s, and they had previously evinced their estimate of the value of such a stipula tion by making it a condition in the Ordinance for the government of the territo ry ceded by Virginia, which now composes the States north of the Ohio River. The same article of the Constitution stipulates also for rendition by the severa l States of fugitives from justice from the other States. The General Government, as the common agent, passed laws to carry into effect th ese stipulations of the States. For many years these laws were executed. But an increasing hostility on the part of the non-slaveholding States to the instituti on of slavery, has led to a disregard of their obligations, and the laws of the General Government have ceased to effect the objects of the Constitution. The St ates of Maine, New Hampshire, Vermont, Massachusetts, Connecticut, Rhode Island, New York, Pennsylvania, Illinois, Indiana, Michigan, Wisconsin and Iowa, have e nacted laws which either nullify the Acts of Congress or render useless any atte mpt to execute them. In many of these States the fugitive is discharged from ser vice or labor claimed, and in none of them has the State Government complied wit h the stipulation made in the Constitution. The State of New Jersey, at an early day, passed a law in conformity with her constitutional obligation; but the cur rent of anti-slavery feeling has led her more recently to enact laws which rende r inoperative the remedies provided by her own law and by the laws of Congress. In the State of New York even the right of transit for a slave has been denied b y her tribunals; and the States of Ohio and Iowa have refused to surrender to ju stice fugitives charged with murder, and with inciting servile insurrection in t he State of Virginia. Thus the constituted compact has been deliberately broken and disregarded by the non-slaveholding States, and the consequence follows that South Carolina is released from her obligation. The ends for which the Constitution was framed are declared by itself to be "to form a more perfect union, establish justice, insure domestic tranquility, provi de for the common defence, promote the general welfare, and secure the blessings of liberty to ourselves and our posterity." These ends it endeavored to accomplish by a Federal Government, in which each St ate was recognized as an equal, and had separate control over its own institutio ns. The right of property in slaves was recognized by giving to free persons dis tinct political rights, by giving them the right to represent, and burthening th em with direct taxes for three-fifths of their slaves; by authorizing the import ation of slaves for twenty years; and by stipulating for the rendition of fugiti ves from labor. We affirm that these ends for which this Government was instituted have been def eated, and the Government itself has been made destructive of them by the action of the non-slaveholding States. Those States have assume the right of deciding upon the propriety of our domestic institutions; and have denied the rights of p roperty established in fifteen of the States and recognized by the Constitution; they have denounced as sinful the institution of slavery; they have permitted o pen establishment among them of societies, whose avowed object is to disturb the peace and to eloign the property of the citizens of other States. They have enc ouraged and assisted thousands of our slaves to leave their homes; and those who remain, have been incited by emissaries, books and pictures to servile insurrec tion. For twenty-five years this agitation has been steadily increasing, until it has now secured to its aid the power of the common Government. Observing the forms o f the Constitution, a sectional party has found within that Article establishing the Executive Department, the means of subverting the Constitution itself. A ge ographical line has been drawn across the Union, and all the States north of tha t line have united in the election of a man to the high office of President of t he United States, whose opinions and purposes are hostile to slavery. He is to b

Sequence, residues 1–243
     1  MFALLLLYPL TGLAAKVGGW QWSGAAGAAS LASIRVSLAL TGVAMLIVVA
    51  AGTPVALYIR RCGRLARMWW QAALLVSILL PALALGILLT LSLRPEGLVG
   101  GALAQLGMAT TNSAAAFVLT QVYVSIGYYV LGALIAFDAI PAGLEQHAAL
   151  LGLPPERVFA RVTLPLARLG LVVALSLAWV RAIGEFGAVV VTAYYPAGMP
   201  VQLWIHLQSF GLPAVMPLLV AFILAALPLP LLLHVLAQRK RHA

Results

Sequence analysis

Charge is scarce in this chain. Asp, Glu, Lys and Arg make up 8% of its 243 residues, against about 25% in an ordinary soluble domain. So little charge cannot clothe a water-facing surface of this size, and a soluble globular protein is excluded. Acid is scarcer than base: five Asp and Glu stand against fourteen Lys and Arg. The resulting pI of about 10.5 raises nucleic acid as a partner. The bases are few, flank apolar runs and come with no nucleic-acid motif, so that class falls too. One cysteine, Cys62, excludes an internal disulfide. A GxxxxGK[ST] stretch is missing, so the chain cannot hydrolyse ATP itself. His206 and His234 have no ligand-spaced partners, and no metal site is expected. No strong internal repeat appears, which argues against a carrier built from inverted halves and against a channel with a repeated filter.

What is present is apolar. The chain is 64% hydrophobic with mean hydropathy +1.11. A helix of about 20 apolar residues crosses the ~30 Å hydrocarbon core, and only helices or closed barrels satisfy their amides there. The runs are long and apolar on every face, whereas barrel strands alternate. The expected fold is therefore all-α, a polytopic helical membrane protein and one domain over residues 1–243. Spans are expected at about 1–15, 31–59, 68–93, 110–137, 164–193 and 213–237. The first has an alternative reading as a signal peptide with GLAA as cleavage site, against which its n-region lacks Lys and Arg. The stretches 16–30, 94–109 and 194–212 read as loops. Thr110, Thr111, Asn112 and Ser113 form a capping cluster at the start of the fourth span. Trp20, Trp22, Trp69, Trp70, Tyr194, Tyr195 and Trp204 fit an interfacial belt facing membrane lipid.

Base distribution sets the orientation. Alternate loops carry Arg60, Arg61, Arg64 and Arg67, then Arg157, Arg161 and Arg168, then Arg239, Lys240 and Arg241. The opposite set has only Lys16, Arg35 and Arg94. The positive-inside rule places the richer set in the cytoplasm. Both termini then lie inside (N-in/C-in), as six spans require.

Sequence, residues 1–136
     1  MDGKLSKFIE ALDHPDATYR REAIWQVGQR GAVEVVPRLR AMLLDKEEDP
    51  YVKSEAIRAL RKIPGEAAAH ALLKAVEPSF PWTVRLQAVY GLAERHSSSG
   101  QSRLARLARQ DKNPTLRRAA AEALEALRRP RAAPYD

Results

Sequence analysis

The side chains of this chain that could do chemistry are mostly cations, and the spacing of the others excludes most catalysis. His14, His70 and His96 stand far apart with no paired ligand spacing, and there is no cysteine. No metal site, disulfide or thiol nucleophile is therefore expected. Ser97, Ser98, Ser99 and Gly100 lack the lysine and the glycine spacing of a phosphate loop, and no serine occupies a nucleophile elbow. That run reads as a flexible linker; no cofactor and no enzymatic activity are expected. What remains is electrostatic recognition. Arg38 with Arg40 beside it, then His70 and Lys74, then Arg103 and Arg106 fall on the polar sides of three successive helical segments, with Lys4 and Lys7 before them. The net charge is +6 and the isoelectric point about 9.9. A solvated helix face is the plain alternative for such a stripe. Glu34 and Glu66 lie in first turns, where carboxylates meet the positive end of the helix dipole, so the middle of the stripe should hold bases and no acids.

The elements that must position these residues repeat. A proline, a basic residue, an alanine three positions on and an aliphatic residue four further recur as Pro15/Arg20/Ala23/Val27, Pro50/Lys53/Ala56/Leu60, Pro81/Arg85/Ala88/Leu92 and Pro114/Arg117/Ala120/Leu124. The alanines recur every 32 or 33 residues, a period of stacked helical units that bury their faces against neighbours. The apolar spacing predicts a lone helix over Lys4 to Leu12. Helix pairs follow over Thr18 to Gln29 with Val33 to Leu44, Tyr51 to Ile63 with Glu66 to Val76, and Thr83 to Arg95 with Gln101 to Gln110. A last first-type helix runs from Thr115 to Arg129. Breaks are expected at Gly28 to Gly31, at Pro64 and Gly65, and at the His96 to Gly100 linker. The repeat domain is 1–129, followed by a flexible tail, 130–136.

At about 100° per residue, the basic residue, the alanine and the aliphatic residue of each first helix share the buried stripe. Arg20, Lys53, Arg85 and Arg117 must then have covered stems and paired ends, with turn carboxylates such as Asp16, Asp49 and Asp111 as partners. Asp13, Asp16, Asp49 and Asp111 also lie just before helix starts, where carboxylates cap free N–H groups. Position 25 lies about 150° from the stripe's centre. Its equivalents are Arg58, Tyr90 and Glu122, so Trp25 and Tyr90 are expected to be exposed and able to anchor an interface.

e entrusted with the administration of the common Government, because he has dec lared that that "Government cannot endure permanently half slave, half free," an d that the public mind must rest in the belief that slavery is in the course of ultimate extinction. This sectional combination for the submersion of the Constitution, has been aide d in some of the States by elevating to citizenship, persons who, by the supreme law of the land, are incapable of becoming citizens; and their votes have been used to inaugurate a new policy, hostile to the South, and destructive of its be liefs and safety. On the 4th day of March next, this party will take possession of the Government. It has announced that the South shall be excluded from the common territory, th at the judicial tribunals shall be made sectional, and that a war must be waged against slavery until it shall cease throughout the United States. The guaranties of the Constitution will then no longer exist; the equal rights o f the States will be lost. The slaveholding States will no longer have the power of self-government, or self-protection, and the Federal Government will have be come their enemy. Sectional interest and animosity will deepen the irritation, and all hope of rem edy is rendered vain, by the fact that public opinion at the North has invested a great political error with the sanction of more erroneous religious belief. We, therefore, the People of South Carolina, by our delegates in Convention asse mbled, appealing to the Supreme Judge of the world for the rectitude of our inte ntions, have solemnly declared that the Union heretofore existing between this S tate and the other States of North America, is dissolved, and that the State of South Carolina has resumed her position among the nations of the world, as a sep arate and independent State; with full power to levy war, conclude peace, contra ct alliances, establish commerce, and to do all other acts and things which inde pendent States may of right do. Adopted December 24, 1860